Utah Supreme Court rules you don't have to give your cell phone passcode - even with search warrant

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So I happened on this article while looking for something else and found it very interesting. Utah Supreme court ruled that you don't have to provide your cell phone passcode to police - even if a judge has issued a search warrant specifically for it - because it violates your 5th amendment constitutional protection of being forced into self incrimination.

I found it interesting. Obviosly only applies to Utah so far, but it is an interesting example of how laws are finally catching up to modern technology and communications.

 
Indeed; interesting.
I think this is a good decision and should be promulgated to all States.
Electronic tech provides many challenges to contemporary law enforcement.

We can't force suspects to rat on themselves by telling us where they hid the stolen goods, or buried the body. Why should this be any different?
If the LEOs want the info inside the phone, get a warrant, seize the item(s) and have it "hacked" open by a qualified and competent forensic person.
 
...you don´t have to provide your passcode to police, cause you got Face ID! ...and Touch ID.

No passcode needed. If you do have a passcode, hopefully it is at least 8 characters, and you had the phone OFF when seized.
it is an interesting example of how laws are finally catching up to modern technology and communications.
You mean like connecting your phone via bluetooth to an automobile, that stores every sms with no delete function? ...company will allow accessibility to the police.(that has been ruled perfectly legal)
 
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Apparently, and not speaking for Utah, using a face scan or fingerprint is less secure because you can be coerced into giving those up.
Yes, I found the ruling interesting. It makes no mention of expectation of privacy or anything other than a fifth amendment complaint. So reading between the lines - presumably if they can get in any other way, then its admissible?
 
This kind of gets into the weeds ....

Using someone's face (where there is no physical contact) to unlock a phone would be a very gray line IMO. Will probably end up falling both for and against people in different states, and end up at SCOTUS. Forcing a person to unlock a phone with fingerprint would, IMO, be a violation of the 5th.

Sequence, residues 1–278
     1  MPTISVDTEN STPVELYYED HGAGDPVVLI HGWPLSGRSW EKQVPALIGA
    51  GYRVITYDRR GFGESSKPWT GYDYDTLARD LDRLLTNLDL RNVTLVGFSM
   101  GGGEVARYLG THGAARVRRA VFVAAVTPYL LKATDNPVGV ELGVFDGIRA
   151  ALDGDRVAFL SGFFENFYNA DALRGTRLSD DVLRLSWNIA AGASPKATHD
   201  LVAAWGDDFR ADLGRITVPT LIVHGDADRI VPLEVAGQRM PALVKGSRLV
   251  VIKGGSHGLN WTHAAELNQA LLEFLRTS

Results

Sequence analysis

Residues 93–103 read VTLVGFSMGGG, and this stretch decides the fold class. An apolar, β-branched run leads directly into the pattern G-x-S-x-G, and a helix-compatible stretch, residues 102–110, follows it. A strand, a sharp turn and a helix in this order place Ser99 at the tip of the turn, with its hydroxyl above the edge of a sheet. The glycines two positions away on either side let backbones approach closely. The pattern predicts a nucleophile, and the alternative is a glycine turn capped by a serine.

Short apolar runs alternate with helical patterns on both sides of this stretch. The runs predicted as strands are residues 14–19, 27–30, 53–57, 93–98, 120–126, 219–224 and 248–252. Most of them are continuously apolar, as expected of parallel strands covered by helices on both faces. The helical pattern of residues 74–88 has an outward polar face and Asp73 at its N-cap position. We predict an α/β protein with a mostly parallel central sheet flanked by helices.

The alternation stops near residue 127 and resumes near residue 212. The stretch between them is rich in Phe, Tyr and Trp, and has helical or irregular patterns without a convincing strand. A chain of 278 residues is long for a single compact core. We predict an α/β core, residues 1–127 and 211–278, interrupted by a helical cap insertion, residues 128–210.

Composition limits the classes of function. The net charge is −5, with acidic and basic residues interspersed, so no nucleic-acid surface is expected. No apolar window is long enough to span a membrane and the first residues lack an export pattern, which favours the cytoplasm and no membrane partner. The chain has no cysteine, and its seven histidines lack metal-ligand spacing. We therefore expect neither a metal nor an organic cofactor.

Upon probable cause, a warrant can be issued and lots of things can be taken from people.
It is now not uncommon to even have warrants for blood/DNA collected from suspects; it's been done for criminal prosecution of DUIs, rape, murder, etc.

So this really is a fledgling concept that needs to be refined at the highest levels.


Seizing the device and having it hacked forensically is probably the best approach; the least risk to having a verdict overturned or evidence excluded.
 
...you don´t have to provide your passcode to police, cause you got Face ID! ...and Touch ID.

No passcode needed. If you do have a passcode, hopefully it is at least 8 characters, and you had the phone OFF when seized.

You mean like connecting your phone via bluetooth to an automobile, that stores every sms with no delete function? ...company will allow accessibility to the police.(that has been ruled perfectly legal)
On iPhones if you tap the power button 5 times in quick succession it will instantly disable Face ID/Touch ID and require your passcode to regain access to the phone.
 
Apparently, and not speaking for Utah, using a face scan or fingerprint is less secure because you can be coerced into giving those up.

I think the face scan/print is more about the expectation of privacy. In public or attending a public event there is no expectation of privacy for an unobtrusive face scan or a latent print left behind at a concession stand or lavatory.
 
On iPhones if you tap the power button 5 times in quick succession it will instantly disable Face ID/Touch ID and require your passcode to regain access to the phone.
With question I think passcode is most secure. Anyone can hold you (dead or alive) and open your phone with face/Touch ID.

A passcode is stored in your brain, I am not a criminal but I have thought about turning off Face ID 🧐
 
So the federal government at least has my finger prints, facial scan and retina scan on file as I have done civilian contractor work. Presumably they could use those to open a phone since I gave them voluntarily?

I personally have never used face ID or the fingerprint thing because I don't think its as secure personally, not from a warrant but in general. Also makes it impossible for my wife to open my phone, which I hand to her when the kids text wanting something :)
 
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